From 1309 to 1377, the Italian capital took an unprecedented break as the residence of the papacy, which relocated to the French city of Avignon. French-born Pope Clement V ordered the move in response to the increasingly fractious and political environment in Rome, which had seen his predecessors face off against Philip IV of France – the man who had ensured Clement’s election by the conclave and who was pressing for the papal residence to move to France.
The influence of the French crown over the Roman Catholic Church was significant. Not only did Clement choose Lyon as the site of his coronation in 1305, but all six of his successors in the Avignon Papacy and 111 of the 134 cardinals installed at this time were French. The idea that these popes were puppets for France, whether entirely true or not, hurt the Church’s reputation.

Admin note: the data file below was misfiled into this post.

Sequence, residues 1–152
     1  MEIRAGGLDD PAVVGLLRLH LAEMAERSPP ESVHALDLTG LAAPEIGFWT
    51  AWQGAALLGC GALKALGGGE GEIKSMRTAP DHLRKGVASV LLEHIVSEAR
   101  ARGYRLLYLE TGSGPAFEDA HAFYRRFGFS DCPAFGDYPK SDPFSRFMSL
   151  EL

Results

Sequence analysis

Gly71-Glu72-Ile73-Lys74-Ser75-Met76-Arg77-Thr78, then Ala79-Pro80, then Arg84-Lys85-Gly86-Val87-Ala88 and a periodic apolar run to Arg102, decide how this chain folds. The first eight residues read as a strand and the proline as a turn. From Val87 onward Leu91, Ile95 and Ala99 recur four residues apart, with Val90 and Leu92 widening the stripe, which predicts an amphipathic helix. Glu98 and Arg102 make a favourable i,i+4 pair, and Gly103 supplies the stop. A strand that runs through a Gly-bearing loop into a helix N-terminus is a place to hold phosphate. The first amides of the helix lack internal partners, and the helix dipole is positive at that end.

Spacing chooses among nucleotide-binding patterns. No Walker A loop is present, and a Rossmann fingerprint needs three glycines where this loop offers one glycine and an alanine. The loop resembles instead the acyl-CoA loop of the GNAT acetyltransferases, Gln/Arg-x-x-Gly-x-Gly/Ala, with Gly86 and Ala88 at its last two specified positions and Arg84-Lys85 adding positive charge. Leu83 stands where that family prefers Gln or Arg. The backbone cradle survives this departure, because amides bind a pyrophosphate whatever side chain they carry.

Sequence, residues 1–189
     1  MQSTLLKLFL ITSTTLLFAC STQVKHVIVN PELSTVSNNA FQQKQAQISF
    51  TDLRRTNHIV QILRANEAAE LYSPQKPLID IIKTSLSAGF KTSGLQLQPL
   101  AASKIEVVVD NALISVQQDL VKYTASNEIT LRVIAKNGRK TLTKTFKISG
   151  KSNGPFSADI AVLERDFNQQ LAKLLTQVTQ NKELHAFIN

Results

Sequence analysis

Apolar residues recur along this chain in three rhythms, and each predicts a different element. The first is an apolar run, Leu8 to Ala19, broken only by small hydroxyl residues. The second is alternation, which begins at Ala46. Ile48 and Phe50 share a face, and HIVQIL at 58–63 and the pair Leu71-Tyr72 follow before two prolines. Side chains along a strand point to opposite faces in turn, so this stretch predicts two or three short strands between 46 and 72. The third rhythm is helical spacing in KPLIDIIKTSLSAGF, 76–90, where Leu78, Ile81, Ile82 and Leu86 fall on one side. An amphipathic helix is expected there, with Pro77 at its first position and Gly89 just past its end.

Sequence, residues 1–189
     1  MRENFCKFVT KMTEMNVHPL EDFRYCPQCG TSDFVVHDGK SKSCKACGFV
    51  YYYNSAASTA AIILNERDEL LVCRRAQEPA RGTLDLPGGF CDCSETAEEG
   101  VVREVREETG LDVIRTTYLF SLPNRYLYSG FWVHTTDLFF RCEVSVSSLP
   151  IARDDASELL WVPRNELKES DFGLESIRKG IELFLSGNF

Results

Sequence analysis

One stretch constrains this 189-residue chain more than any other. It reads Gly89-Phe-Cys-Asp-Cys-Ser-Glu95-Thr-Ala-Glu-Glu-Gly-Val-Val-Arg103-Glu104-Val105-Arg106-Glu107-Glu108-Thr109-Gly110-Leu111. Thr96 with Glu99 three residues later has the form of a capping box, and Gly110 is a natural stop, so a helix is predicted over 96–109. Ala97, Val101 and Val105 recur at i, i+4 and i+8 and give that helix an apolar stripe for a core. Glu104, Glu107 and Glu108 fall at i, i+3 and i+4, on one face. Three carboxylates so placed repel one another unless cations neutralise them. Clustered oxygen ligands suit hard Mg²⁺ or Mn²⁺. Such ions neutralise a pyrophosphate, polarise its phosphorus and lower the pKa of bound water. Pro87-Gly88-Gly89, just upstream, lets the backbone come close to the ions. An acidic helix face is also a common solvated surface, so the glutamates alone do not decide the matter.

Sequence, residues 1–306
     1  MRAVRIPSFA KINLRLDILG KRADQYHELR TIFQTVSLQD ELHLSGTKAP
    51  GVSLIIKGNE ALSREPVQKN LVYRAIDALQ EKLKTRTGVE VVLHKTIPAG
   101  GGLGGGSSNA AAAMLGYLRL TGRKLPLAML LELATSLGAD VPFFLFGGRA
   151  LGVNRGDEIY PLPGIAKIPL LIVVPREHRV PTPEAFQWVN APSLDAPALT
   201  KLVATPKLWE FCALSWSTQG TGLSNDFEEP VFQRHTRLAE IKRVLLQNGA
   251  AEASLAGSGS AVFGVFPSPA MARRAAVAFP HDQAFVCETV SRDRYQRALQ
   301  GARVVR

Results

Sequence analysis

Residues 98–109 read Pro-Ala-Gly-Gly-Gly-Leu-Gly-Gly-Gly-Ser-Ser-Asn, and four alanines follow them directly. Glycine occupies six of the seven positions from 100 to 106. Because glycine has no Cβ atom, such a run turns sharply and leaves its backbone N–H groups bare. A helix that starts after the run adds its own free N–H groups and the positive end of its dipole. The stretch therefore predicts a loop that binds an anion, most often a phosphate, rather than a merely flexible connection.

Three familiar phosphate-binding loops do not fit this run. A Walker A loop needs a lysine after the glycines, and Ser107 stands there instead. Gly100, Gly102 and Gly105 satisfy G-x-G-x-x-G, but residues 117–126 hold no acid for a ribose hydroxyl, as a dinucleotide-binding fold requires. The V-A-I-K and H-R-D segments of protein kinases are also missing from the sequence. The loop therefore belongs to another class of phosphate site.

But things only got worse. When Gregory XI returned the papal court to Rome in 1377, many of the cardinals weren’t happy with that decision, or with his successor, Urban VI. They chose an alternative pope to continue in Avignon. This was the start of the Great Schism, 40 turbulent years when the papacy in Rome was challenged by a line of rival claimants.
This article was first published in the September 2019 issue of BBC History Revealed